Pressure builds on German President for trying to suppress loan scandal article

 

Berlin

The increasingly tarnished reputation of Germany's President, Christian Wulff suffered a new setback yesterday with disclosures that the 52-year-old head of state threatened to sue a leading tabloid newspaper to prevent publication of a damaging article about a questionable six-figure private loan.

Mr Wulff, a conservative who was personally chosen by the Chancellor, Angela Merkel, for the largely titular job of president in 2010, has come under increasing pressure in recent weeks over a €500,000 (£417,000) loan made to him by the wife of a private investor to finance a family home.

But the intensity of the row rose dramatically yesterday after it emerged that, while on an official visit to Kuwait last month, Mr Wulff made an explosive and threatening telephone call to the editor of the Bild newspaper, Kai Diekmann.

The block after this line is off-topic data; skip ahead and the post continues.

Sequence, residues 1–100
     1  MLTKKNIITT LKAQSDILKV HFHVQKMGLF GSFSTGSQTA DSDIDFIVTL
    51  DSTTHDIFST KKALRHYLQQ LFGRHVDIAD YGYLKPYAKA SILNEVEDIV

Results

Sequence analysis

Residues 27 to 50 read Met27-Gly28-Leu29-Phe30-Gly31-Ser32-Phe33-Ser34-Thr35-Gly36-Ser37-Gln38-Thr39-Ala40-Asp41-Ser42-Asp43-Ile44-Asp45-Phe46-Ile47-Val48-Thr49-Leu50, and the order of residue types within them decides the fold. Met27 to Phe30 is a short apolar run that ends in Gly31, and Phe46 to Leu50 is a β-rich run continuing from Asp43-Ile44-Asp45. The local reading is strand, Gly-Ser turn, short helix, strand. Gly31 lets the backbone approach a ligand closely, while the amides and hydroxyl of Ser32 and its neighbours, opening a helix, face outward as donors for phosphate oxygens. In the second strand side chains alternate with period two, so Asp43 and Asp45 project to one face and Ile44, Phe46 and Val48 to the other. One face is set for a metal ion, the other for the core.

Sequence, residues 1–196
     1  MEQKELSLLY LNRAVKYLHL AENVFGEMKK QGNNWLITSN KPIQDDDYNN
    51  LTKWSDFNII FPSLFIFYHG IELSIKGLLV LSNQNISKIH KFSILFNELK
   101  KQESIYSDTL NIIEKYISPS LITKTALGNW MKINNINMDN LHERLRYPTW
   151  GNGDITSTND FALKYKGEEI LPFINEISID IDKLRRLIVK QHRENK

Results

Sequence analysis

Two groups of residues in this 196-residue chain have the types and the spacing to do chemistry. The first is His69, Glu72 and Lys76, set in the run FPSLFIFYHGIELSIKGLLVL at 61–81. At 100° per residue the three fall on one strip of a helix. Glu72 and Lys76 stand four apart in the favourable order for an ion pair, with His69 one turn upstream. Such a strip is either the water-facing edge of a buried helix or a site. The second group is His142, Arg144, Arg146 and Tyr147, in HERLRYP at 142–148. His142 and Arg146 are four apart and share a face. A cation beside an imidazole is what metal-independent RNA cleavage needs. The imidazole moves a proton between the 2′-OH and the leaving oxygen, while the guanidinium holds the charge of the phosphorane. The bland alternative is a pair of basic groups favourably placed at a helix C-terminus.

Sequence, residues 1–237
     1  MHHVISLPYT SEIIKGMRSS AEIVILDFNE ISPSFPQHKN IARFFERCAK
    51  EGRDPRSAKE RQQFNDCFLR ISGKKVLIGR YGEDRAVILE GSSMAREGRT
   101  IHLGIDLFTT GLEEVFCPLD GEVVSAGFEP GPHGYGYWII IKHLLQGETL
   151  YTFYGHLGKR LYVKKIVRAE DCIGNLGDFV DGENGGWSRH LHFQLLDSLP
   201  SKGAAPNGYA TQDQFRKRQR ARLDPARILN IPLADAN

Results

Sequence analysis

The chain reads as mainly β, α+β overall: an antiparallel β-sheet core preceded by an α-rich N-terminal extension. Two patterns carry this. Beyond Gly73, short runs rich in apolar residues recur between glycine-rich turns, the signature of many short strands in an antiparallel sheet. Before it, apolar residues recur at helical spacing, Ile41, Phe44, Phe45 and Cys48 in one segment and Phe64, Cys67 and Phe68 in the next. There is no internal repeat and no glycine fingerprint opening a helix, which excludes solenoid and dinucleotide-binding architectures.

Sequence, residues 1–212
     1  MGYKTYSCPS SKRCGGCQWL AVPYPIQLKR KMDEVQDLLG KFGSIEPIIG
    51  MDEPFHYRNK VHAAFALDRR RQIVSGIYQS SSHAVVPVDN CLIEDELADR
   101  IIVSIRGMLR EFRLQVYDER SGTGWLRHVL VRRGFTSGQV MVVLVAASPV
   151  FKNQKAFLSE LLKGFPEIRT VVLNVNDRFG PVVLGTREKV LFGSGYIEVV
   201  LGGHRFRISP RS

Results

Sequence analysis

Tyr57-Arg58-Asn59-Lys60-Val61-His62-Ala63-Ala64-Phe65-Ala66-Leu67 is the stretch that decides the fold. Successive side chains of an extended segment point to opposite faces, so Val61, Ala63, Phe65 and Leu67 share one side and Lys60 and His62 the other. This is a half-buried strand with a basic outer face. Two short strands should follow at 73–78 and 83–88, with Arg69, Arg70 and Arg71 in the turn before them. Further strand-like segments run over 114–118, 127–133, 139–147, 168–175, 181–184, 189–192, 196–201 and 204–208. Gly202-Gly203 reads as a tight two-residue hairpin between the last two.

Süddeutsche Zeitung was one of two newspapers to report that after failing to reach Mr Diekmann in person, Mr Wulff had left an angry message on his voicemail threatening legal action and a "final break" with Bild and its publisher, Springer Verlag, unless the paper dropped plans to publish an article about the loan.

The president was also said to have used the term "wage war" in his message and stressed that as far as he and his wife were concerned, the Bild article "crossed the Rubicon". Bild, however, went ahead and published the article the following day, 13 December.

Contacted yesterday, Mr Wulff's office refused to respond to the reports and insisted: "The federal president refuses on principle to provide any information about telephone calls or personal conversations."

Der Spiegel magazine reported yesterday that Mr Wulff had also telephoned Matthias Döpfner, Springer's chief executive, and asked him to intervene. Mr Döpfner was said to have told the president that he could not interfere in editorial judgements.

The Bild article provoked a deluge of criticism after it revealed that Mr Wulf had received a loan from the wife of Egon Geerkens, a wealthy investor friend, in order to finance his house.